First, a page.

Tibetans in Canada
Tibetan Immigration to Canada
In 1959, a national uprising by Tibetans against the Chinese occupation of their homeland forced thousands to leave their homes. By the late 1960s, close to 100,000 Tibetans were displaced and fled to India and Nepal.
The Indian government was unable to provide assistance to every refugee. As a result, the Office of the United Nations High Commissioner for Refugees (UNHCR) became involved in the daily care of refugees. In 1966, the UNHCR began discussing the resettlement of Tibetan refugees with the Canadian government. The UNHCR hoped that Ottawa could resettle these refugees since many of them were agriculturalists. The international organization also sought group relocation of the refugees in order to meet their spiritual and cultural needs. Although the federal government refused any plan involving group settlement, Canada’s High Commissioner to India, James George, suggested to federal officials that Canada could still resettle a small number of Tibetan refugees.
A year later, an interdepartmental committee representing five federal departments was organized to consider the plight of Tibetan refugees and their admission and resettlement in Canada. In July 1970, the Dalai Lama was informed by Canadian officials that Ottawa would consider the resettlement of 240 Tibetan refugees. In its first year of operation, the Tibetan Refugee Program was to cost approximately $794,000. Within the Department of Manpower and Immigration’s Operations Division, the Immigrant and Migrant Services Section was responsible for the Tibetan Refugee Program. Through the Canada Manpower Centres, the Section focused its work on “adjustment assistance” for newcomers by providing financial assistance, counseling, referrals and help in securing employment.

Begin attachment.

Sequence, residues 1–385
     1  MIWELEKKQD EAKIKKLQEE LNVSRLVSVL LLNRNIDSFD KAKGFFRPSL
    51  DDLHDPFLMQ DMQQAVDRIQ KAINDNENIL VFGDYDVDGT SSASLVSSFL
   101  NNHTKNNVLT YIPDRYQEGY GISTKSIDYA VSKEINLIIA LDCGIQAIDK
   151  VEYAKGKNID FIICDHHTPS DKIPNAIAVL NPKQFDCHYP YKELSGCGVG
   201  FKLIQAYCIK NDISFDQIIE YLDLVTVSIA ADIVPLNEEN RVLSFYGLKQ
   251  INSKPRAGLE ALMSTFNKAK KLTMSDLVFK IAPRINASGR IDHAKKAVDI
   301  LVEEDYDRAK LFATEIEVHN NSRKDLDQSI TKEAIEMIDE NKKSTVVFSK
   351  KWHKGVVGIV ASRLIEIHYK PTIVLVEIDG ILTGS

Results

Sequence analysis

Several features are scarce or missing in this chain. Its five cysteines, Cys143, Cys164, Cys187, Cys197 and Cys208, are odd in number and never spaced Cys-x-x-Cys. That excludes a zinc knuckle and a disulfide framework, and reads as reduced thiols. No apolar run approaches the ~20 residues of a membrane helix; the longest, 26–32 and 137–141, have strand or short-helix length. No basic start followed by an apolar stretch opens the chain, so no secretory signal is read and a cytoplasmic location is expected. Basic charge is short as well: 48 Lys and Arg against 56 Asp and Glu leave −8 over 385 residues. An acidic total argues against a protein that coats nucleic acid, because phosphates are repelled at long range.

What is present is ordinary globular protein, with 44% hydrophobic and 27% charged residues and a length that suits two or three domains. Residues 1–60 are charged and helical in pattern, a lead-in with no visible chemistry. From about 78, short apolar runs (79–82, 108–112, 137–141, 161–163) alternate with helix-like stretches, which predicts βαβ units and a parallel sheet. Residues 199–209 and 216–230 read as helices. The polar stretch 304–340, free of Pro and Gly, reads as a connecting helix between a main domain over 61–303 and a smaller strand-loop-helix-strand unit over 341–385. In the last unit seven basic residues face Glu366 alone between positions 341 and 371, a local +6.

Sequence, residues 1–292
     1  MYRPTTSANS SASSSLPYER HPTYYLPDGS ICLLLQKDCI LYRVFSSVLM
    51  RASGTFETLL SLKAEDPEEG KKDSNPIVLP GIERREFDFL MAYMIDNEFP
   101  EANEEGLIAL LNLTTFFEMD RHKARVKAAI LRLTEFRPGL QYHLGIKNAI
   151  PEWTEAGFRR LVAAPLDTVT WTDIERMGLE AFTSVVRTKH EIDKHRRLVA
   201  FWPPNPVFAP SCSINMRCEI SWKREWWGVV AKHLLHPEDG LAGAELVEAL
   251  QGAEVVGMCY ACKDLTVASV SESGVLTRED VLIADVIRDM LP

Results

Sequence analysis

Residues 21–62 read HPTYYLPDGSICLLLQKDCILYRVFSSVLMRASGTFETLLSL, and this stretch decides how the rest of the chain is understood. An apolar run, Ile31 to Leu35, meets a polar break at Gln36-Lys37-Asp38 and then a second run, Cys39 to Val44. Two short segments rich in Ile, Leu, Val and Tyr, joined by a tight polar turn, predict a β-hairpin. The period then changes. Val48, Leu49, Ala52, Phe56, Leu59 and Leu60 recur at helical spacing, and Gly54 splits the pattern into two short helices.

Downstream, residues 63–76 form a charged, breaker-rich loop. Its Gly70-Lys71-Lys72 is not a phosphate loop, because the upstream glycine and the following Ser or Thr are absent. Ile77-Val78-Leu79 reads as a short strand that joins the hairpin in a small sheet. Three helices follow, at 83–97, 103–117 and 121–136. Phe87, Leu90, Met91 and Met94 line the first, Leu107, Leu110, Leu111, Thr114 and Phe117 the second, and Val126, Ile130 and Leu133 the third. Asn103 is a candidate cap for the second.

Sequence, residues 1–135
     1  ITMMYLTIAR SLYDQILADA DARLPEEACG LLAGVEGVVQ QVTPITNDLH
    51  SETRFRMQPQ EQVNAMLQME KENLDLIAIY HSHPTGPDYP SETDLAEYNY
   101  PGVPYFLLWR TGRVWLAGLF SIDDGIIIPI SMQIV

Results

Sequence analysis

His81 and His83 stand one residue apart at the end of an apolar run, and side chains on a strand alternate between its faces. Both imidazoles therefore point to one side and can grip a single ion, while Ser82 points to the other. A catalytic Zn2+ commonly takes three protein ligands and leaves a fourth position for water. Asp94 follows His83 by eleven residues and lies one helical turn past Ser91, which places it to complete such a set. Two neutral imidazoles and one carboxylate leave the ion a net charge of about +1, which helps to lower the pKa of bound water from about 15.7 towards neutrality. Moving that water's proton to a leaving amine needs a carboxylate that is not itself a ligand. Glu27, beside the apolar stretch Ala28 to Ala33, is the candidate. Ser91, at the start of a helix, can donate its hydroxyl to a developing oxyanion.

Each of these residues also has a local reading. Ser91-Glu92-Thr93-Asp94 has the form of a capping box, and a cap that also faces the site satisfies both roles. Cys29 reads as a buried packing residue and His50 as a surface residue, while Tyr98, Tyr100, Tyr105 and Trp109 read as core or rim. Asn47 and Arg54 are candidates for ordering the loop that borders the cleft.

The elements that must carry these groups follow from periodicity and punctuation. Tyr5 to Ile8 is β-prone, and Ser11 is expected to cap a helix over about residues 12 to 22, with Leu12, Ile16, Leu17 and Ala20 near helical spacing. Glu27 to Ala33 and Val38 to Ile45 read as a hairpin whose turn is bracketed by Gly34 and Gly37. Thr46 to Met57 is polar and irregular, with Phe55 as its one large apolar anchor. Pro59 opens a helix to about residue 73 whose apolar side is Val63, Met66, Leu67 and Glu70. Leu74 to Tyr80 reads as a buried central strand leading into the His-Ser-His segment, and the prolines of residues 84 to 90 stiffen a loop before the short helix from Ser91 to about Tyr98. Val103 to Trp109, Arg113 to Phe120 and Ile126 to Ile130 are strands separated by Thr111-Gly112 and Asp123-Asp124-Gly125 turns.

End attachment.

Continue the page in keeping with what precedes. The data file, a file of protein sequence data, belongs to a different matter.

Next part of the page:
In March 1971, the first Tibetan refugees arrived in Canada. This small group of newcomers to Canada became the first non-European refugees accepted into the country. At the time, the settlement of these refugees called for Quebec, Ontario, Alberta and British Columbia to accept an equal number of refugees. Initially, British Columbia rejected the plan, forcing the other three provinces to accept more refugees. The Canadian government sought young couples who were already well-established. This initial group numbered 228 persons of which approximately 90 percent of whom were between the ages of 14 and 44.
The Tibetan refugees were settled in 11 municipalities across Ontario, Quebec, Alberta and Manitoba. The federal government decided that the future acceptance of Tibetan refugees would depend on the successful settlement of this first group of 228 individuals. In Quebec, Tibetan refugees were offered language and job training. In other provinces, these same newcomers were often left with little or no assistance during their first several months in Canada. In the Prairies, Tibetan refugees worked as labourers on farms. Of the 128 refugees who later sought full-time employment, a majority worked in the service and crafts industries.